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RCMP officers and Fox Lake Cree Nation Chief Walter Spence at a community BBQ and meeting on Friday evening to give information to residents after the Canada-wide manhunt for triple murder suspects Bryer Schmegelsky and Kam McLeod centered on the small Northern Manitoba area.Melissa Tait/The Globe and Mail

Throughout the remote Northern Manitoba town of Gillam, there were signs of normalcy Friday – children riding bicycles, moms on walks, pushing their infants in strollers, residents preparing to spend the long weekend away at their cabins.

But the stress and angst of living with a police manhunt for two fugitives wanted in three killings in Northern British Columbia was evident at a community meeting that evening.

Nearly 100 residents of Gillam and Fox Lake Cree Nation attended to hear the latest information about the RCMP investigation and to learn what will be done to keep their communities safe, now that the police have scaled back their search.

Gillam Mayor Dwayne Forman said he wasn’t surprised to hear that many residents were still feeling very uneasy.

“Ultimately, we’re still in a state of unknown. Nobody knows where they [the fugitives] are,” he said after the meeting. “So I understand that there’s still going to be fears and it was definitely raised by the community. And that’s what this meeting was about, to find out to what stage of fear is still within the community.”

That fear stems from that fact that the RCMP manhunt for Bryer Schmegelsky, 18, and Kam McLeod, 19, has hit an impasse in the vast Northern Manitoba wilderness.

The Mounties have been searching the remote region for 11 days. They have combed through more than 11,000 square kilometres, 100-plus abandoned buildings and more than 250 tips. Police have used sniffer dogs, drones, helicopters and ATVs in the manhunt. The RCMP also tapped two military aircraft: a Canadian Air Force CC-130H Hercules plane and a CP-140 Aurora outfitted with an infrared camera and imaging-radar systems.

Members of the Manitoba RCMP Emergency Response Team offload a helicopter in Gillam, Manitoba. The search for triple murder suspects Bryer Schmegelsky and Kam McLeod has been reduced in the Northern Manitoba bush, with the military pulling out and some of the RCMP resources leaving the area.Melissa Tait/The Globe and Mail

But at this point, the police search has yielded few clues on the whereabouts of Mr. Schmegelsky and Mr. McLeod, childhood friends from Port Alberni, B.C. The pair has not been seen since July 22, when the grey Toyota Rav 4 that police believe the pair was driving was found burning in a ditch near the Fox Lake Cree Nation.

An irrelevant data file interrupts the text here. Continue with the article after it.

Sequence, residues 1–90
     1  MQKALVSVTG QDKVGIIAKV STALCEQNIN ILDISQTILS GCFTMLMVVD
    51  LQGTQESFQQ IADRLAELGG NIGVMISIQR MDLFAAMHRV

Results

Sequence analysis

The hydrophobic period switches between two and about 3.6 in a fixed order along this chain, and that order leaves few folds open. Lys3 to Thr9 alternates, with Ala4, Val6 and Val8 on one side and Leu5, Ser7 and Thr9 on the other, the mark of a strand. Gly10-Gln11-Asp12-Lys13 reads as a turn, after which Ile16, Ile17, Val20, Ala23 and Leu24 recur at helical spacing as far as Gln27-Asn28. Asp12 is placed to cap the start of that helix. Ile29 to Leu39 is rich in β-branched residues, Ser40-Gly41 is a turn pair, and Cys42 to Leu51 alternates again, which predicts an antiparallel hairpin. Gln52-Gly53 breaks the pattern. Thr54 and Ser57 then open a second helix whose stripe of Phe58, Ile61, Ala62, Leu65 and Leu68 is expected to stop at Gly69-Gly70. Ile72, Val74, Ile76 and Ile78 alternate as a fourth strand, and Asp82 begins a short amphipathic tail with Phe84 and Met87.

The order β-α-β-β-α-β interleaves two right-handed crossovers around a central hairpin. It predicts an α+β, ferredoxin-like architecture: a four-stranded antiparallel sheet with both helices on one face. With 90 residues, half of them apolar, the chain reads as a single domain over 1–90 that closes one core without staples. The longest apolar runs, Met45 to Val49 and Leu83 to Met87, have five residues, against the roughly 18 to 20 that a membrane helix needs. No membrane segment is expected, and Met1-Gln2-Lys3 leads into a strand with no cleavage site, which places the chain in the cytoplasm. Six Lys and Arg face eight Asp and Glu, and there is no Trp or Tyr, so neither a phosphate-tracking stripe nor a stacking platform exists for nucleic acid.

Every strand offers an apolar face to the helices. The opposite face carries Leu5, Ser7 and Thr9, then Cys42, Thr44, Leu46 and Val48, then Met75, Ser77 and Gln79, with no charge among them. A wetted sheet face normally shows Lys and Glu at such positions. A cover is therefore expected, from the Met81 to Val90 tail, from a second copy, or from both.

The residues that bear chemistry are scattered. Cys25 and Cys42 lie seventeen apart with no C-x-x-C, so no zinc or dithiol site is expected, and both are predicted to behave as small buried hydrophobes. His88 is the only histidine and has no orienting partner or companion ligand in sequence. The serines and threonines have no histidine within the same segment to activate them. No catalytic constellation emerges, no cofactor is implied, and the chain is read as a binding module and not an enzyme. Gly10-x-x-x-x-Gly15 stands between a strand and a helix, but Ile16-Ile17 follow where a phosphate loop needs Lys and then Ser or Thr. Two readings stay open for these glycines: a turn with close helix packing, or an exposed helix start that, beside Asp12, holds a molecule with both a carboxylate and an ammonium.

The young men are suspects in the deaths of American Chynna Deese, 24, and her 23-year-old Australian boyfriend Lucas Fowler, who were shot to death on the side of a Northern British Columbia highway and found on July 15. Four days later, the body of Vancouver resident Leonard Dyck, 64, a sessional lecturer at the University of British Columbia’s botany department, was discovered on a road near Dease Lake, about 500 kilometres southwest of the hot springs.

RCMP have charged Mr. Schmegelsky and Mr. McLeod with second-degree murder in Mr. Dyck’s death. They are also suspects in the deaths of Ms. Deese and Mr. Fowler, police said.

The community meeting in Gillam on Friday evening was closed to reporters to allow residents to speak freely. Political leaders from Gillam and Fox Lake were present to answer questions, along with Sergeant Ian McKenzie, commander of the RCMP Gillam detachment, and a mental-health counsellor.

Mr. Forman said the town will examine the possibility of re-establishing a citizen patrol group, disbanded a while ago due to a shortage of volunteers.

He said residents also expressed a desire for additional staff and security measures for summer programs for children in the community.

About 1,200 residents live in Gillam and another 500 at the Fox Lake community, about 50 kilometres northeast of Gillam. An RCMP detachment is located in Gillam, but no police officer is based in Fox Lake.

Fox Lake Cree Nation Chief Walter Spence greets community members at the end of a community BBQ and meeting held on Friday evening to give information to the residents after the Canada-wide manhunt for triple murder suspects Bryer Schmegelsky and Kam McLeod.Melissa Tait/The Globe and Mail

The community used to have band constables, but funding for that program was cut under the previous federal Conservative government, Fox Lake Chief Walter Spence said after Friday’s meeting.

Chief Spence believes the RCMP scaled back their manhunt for the fugitives too soon. At the moment, volunteers from Fox Lake are patrolling the community at night to keep watch and help residents feel safe.

“There is still a high sense of stress, anxiety,” Chief Spence said.

While many residents remain uneasy, Jeff Short and his wife, Andrea, are easing back into their old routines, like taking their dog for a walk in the bush. Mr. Short, a civil engineer for Manitoba Hydro, said the community meeting was helpful. He believes the passage of time will help Gillam truly return to normalcy.

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